Through the generations, virtually every Jewish holiday has been distinguished by special foods related to its specific stories and meaning. There are differences between the dishes enjoyed by Jewish families of Ashkenazi (European) and Sephardic (Middle Eastern, North African, or Spanish) descent. But today, Israelis can feast on the best of all worlds, partaking in meat-stuffed "cigars" on Sabbaths, cheese blintzes on Shavuot (Pentecost) and potato latkes on Hanukkah!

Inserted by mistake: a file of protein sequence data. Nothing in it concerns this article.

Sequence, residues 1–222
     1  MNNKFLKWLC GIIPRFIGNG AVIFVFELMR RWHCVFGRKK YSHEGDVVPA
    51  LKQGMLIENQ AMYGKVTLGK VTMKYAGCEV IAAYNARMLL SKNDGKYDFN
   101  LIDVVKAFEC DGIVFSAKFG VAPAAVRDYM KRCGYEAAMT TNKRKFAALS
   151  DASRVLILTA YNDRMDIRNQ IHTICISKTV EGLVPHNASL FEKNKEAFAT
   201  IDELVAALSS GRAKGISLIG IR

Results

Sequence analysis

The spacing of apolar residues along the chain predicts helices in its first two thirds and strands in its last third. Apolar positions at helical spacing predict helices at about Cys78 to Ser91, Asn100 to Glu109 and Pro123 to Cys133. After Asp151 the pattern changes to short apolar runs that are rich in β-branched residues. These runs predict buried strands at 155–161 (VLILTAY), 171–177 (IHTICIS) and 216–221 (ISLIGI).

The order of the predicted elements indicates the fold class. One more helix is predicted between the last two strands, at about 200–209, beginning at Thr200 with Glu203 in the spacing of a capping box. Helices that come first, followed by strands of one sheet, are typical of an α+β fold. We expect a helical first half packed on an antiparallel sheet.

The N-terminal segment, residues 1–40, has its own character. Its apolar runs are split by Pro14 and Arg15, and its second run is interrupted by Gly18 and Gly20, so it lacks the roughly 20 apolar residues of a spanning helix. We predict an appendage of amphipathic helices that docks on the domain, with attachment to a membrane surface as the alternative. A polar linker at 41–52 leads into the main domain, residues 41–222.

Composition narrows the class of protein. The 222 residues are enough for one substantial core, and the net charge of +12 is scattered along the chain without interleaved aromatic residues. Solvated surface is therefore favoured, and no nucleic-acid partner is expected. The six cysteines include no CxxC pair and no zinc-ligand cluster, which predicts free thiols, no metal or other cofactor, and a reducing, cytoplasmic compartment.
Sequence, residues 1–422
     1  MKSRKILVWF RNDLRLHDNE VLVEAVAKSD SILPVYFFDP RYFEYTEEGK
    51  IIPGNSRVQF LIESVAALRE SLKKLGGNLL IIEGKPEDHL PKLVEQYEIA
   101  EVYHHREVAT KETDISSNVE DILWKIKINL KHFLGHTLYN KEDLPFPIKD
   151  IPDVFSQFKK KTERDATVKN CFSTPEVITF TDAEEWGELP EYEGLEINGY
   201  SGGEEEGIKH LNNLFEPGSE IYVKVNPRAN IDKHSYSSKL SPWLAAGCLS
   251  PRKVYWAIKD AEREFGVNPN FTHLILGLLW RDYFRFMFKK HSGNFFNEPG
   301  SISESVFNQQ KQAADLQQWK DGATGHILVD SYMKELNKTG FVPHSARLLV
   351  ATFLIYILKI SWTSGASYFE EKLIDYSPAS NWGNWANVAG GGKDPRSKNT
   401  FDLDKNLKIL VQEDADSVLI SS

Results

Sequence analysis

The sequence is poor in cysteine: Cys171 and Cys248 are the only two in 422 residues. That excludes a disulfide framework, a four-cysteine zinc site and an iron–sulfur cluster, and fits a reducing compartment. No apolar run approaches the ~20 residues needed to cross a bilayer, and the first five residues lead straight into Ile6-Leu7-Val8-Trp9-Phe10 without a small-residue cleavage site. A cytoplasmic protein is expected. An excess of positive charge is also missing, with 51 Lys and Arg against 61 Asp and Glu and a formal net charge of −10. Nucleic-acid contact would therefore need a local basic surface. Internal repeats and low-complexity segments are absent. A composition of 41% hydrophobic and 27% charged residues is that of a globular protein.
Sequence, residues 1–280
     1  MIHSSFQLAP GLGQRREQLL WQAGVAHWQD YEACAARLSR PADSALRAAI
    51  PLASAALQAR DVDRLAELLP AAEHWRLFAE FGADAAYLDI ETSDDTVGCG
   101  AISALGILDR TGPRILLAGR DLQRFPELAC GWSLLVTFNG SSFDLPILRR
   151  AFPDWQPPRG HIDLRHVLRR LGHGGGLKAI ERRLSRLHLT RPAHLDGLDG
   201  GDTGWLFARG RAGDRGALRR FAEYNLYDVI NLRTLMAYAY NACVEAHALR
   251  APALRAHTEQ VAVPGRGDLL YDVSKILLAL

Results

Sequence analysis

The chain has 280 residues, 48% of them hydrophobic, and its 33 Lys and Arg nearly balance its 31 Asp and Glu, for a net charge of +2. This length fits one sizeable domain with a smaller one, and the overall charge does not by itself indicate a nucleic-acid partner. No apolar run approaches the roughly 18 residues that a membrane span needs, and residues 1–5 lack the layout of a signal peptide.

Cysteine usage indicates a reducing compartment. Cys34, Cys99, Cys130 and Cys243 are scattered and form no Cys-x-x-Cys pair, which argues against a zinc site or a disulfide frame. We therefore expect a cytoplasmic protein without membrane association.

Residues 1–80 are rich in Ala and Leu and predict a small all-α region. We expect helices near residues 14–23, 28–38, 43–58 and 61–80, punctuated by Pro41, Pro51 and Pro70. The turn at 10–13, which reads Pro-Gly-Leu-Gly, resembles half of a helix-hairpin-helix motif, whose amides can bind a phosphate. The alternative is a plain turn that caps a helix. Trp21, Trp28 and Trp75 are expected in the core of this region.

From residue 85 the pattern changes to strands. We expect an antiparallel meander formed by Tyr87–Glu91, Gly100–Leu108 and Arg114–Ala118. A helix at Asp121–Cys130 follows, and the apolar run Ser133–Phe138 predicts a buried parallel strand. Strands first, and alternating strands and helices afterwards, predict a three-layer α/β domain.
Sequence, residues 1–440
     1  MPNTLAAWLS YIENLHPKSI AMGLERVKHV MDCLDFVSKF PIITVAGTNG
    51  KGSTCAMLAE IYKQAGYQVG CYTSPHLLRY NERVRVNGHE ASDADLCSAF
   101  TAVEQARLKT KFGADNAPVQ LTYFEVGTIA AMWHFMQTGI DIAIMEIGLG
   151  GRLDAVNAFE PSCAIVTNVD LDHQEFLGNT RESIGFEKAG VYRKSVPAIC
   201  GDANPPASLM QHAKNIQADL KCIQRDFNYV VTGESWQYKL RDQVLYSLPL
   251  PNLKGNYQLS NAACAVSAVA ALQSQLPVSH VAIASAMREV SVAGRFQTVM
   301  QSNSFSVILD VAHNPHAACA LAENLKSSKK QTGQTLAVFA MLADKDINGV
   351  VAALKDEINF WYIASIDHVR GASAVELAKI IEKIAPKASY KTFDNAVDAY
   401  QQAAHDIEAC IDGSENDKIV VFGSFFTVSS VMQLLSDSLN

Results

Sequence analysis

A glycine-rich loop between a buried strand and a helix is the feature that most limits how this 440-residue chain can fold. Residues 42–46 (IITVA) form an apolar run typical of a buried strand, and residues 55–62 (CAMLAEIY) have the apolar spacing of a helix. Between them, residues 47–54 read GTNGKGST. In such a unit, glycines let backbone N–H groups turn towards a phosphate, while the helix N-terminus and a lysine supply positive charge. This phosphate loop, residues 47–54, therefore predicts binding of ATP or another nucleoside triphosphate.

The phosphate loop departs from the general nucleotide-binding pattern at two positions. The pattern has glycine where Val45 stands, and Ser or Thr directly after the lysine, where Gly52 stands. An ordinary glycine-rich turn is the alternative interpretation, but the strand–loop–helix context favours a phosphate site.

Since Israel was reborn in 1948, new culinary traditions have emerged. A good example of this is the customary Independence Day picnic in the countryside, typically complete with shishlik, kebob -- or American-style steak. These main courses are often accompanied by tehina and hummus, Middle Eastern favorites.